welter / how many times
In welter, three simultaneous solos emerge out of a prolonged work with color. The performers occupy a viscous dimension of saturated light, their submergence in which, is total. Infected by a color virus and noise making, they exhibit symptoms which evince something ancient and essential to emotional survival; complete with an extra-lingual mode of communication that is evocative of invocation, incantation. The performers do not surrender their agency; rather the spell endows them with a more evolved force unmediated by language. The resultant, feverish state enables a direct, non-abstracted, non-symbolic account of desire and its power. Friction and asymmetry, both auditory and physical, serve to scramble preconceived notions of form and ways of knowing that otherwise inhibit this polyphonic, trancelike condition. This circumstance—of a disrupted surface—forces/pushes/propels the performers to plumb their depths and locate an interstitial space between disappearance and emergence, charged with potential. It is here, in this lingering state of becoming, that embodied force is recovered, uncensored by history, experience or emotion. A new way of knowing is tacitly understood.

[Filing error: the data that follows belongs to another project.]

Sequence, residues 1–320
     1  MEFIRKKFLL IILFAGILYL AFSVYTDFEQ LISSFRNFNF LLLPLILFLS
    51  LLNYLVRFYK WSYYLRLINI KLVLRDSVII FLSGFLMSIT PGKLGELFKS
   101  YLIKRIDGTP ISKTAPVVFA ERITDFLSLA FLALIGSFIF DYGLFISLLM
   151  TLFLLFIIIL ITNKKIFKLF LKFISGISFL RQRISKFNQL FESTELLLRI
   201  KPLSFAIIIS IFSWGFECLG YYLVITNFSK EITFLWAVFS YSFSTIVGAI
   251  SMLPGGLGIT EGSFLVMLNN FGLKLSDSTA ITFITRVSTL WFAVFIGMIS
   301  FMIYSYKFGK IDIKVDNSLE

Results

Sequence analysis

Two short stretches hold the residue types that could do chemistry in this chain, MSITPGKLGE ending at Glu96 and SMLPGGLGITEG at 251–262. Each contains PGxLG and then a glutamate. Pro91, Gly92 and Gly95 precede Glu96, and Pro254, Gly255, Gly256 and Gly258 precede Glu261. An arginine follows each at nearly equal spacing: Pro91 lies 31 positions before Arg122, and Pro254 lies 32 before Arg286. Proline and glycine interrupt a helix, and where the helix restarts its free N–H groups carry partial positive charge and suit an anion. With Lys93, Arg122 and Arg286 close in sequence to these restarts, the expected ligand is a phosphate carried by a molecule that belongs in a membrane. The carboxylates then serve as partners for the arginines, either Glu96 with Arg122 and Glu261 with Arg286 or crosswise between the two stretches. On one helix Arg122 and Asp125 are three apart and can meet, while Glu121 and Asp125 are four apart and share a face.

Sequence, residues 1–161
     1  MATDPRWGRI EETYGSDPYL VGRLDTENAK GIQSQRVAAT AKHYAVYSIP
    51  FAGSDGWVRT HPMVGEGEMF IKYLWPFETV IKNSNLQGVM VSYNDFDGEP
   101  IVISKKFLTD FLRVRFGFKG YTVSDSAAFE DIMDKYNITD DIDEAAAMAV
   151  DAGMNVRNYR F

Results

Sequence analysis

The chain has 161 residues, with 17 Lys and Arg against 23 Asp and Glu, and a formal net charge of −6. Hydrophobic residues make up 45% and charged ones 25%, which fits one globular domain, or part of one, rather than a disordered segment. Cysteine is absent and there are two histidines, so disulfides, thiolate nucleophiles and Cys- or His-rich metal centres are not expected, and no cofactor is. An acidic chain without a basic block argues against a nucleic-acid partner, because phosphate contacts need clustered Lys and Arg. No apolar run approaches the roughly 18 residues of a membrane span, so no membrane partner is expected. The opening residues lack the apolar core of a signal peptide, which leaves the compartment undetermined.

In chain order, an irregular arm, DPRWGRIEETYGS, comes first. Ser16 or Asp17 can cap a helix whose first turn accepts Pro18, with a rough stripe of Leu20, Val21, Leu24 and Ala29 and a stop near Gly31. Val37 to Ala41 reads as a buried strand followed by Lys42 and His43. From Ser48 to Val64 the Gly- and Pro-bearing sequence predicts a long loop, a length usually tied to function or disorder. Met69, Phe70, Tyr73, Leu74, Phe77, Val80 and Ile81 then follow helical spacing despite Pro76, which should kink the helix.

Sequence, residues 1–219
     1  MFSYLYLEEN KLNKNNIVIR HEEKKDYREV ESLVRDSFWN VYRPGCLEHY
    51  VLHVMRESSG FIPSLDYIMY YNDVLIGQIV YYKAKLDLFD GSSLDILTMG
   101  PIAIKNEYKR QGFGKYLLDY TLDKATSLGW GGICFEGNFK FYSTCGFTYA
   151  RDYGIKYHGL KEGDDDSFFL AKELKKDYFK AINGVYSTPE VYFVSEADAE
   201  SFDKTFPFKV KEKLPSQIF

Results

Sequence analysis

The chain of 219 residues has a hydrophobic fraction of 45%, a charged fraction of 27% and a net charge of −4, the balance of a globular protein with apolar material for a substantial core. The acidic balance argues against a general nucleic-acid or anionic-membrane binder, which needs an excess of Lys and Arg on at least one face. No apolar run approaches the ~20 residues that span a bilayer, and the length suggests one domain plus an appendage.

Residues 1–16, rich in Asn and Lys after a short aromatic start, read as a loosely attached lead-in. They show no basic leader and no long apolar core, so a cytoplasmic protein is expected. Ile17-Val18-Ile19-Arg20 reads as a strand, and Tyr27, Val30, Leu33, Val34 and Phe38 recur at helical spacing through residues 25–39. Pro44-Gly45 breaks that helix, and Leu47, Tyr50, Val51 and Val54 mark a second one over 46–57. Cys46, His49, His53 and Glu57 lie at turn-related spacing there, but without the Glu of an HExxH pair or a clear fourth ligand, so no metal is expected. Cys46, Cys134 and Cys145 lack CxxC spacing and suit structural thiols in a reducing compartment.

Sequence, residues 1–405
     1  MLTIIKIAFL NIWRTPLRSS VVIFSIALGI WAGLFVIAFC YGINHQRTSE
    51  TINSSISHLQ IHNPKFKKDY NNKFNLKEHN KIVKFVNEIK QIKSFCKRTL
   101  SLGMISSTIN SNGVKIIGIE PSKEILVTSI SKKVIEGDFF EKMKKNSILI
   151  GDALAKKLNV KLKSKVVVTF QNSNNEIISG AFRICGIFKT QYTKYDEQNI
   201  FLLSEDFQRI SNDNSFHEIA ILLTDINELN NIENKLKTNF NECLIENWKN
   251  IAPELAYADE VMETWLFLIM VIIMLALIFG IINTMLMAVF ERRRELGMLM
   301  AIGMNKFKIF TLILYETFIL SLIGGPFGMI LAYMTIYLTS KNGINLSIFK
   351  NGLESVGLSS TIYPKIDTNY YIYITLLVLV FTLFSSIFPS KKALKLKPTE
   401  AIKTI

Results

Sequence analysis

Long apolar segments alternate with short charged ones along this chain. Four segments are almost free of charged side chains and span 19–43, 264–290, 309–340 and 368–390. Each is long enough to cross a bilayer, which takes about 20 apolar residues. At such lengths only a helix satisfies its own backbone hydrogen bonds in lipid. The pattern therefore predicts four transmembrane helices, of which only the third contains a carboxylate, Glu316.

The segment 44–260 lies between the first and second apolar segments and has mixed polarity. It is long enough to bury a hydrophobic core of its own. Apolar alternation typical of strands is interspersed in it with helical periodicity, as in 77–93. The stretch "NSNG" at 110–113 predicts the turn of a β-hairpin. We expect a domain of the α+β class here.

how many times, a new quartet by dancer-choreographer Paul Matteson, draws from children’s books of courage to create an intertwining world of dance and story. Visual artist, Rosalyn Driscoll, hangs translucent sculptures within the space that, like the performers, explore the fragility of birth and becoming. Performed Sydney Donovan, Brandon Graf, Matteson and Andrew Smith.
“Performed in spoken word and movement, Matteson gave the most animated and passionate delivery I’ve ever seen. Matteson took on every character, including the seedlings, and blended them into seamless and even jolting transitions. The audience was both clearly touched and humored by Matteson’s physically exhausting performance… I was left feeling deep empathy for well, everything.”
– Kelly Dalton (CVNC)
Run time: 90 min